But my obsession with asking the big question, “Why am I here?” is more than a neurotic tic. It is also asking for the purpose to my life. It may sound silly, but why am I asking, “Why am I here?” Snickers, our family dog, seems perfectly content to live in the moment. She never seems to care one whit about her existence. Snickers loves to take walks, smell and pee on things, eat, and bark at squirrels she sees out the back window of our home. (Squirrels must be more evil than most of us think.) She possesses no ontological angst. Purpose beyond barking at squirrels is senseless blather to her. But for humans, I think there are many who carry this nagging notion that there is or should be a purpose to our lives. Call it our end game. It’s something our life means. Something our life points toward.

There are others, though, who deny that life has any meaning at all. They believe the raw data of existence flies in the face of any reason to assume there is any meaning to our pointless, insignificant lives. Ultimately, we are all food for worms. And any notion of happiness or purpose is merely a mirage to help us cope with our otherwise hollow lives. They echo Macbeth’s harrowing words:

To-morrow, and to-morrow, and to-morrow,

Creeps in this petty pace from day to day,

To the last syllable of recorded time;

And all our yesterdays have lighted fools

The way to dusty death. Out, out, brief candle!

Life’s but a walking shadow, a poor player,

That struts and frets his hour upon the stage,

And then is heard no more. It is a tale

Told by an idiot, full of sound and fury,

Signifying nothing.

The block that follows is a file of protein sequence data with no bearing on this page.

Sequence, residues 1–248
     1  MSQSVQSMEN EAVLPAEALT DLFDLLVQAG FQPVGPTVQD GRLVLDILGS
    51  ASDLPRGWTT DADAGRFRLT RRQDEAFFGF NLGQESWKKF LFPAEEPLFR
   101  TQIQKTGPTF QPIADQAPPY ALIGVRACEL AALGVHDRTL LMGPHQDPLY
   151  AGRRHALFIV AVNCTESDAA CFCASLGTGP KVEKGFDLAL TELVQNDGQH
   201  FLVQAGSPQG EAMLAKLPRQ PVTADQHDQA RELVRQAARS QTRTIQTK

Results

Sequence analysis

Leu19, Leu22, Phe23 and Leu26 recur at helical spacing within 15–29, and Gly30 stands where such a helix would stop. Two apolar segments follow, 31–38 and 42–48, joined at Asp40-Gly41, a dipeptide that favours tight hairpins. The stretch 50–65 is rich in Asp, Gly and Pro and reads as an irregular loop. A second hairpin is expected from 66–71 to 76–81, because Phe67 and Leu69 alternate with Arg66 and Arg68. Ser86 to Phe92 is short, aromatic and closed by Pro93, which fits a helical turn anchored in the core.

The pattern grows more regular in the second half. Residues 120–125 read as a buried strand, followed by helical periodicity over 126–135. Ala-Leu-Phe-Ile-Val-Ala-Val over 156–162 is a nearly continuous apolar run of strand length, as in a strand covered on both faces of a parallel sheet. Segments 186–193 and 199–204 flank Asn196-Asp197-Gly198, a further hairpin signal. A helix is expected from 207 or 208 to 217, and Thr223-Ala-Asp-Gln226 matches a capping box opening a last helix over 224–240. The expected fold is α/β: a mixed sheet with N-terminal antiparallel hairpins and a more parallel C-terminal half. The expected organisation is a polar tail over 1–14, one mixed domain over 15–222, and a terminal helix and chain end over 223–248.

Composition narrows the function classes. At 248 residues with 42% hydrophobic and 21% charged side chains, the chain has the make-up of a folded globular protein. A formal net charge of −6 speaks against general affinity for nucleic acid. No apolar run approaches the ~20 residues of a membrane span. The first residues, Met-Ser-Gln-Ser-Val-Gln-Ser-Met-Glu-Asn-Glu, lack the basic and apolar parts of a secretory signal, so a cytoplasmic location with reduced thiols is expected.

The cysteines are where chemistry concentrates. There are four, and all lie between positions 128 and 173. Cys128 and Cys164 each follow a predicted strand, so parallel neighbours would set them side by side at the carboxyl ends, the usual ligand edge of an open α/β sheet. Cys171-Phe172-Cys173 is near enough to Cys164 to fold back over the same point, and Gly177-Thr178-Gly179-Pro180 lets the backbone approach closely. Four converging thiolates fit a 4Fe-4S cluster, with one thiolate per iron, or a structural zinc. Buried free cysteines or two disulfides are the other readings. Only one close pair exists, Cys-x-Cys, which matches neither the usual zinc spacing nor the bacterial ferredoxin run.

This idea of non-meaning is becoming more popular in Western culture these days. And this notion is increasingly peddled most by our intellectuals. This dark, deterministic, hopeless, and pointless moment of consciousness we ironically call “life” is simply a ruse. And the responsible way to deal with it is to call life what it is—a freak of happenstance where you squeeze a bit of pleasure out of it and then die. Looking at the evidence from a purely materialistic point of view, it only seems reasonable that this deterministic, even nihilistic, worldview cannot be anything but true. Yet, I doubt anyone who really believes this to be true honestly wants to believe it to be true. Most of us would rather deny it because of its being terribly depressing and un-motivating, whether it’s true or not. To a man, we want to believe there is meaning to our lives. If there isn’t meaning, most of us would prefer the nihilist to keep his mouth shut and let the rest of us live our meaningless days in our self-deluded bubble. En masse, we recoil from those who preach non-meaning, not because we are content with the absurdity of our lust for meaning, but because, deep in our heart of hearts, we cannot escape the notion that our lives are pregnant with significance and that, once birthed, that significance will satisfy the sehnsucht we all possess in our bones.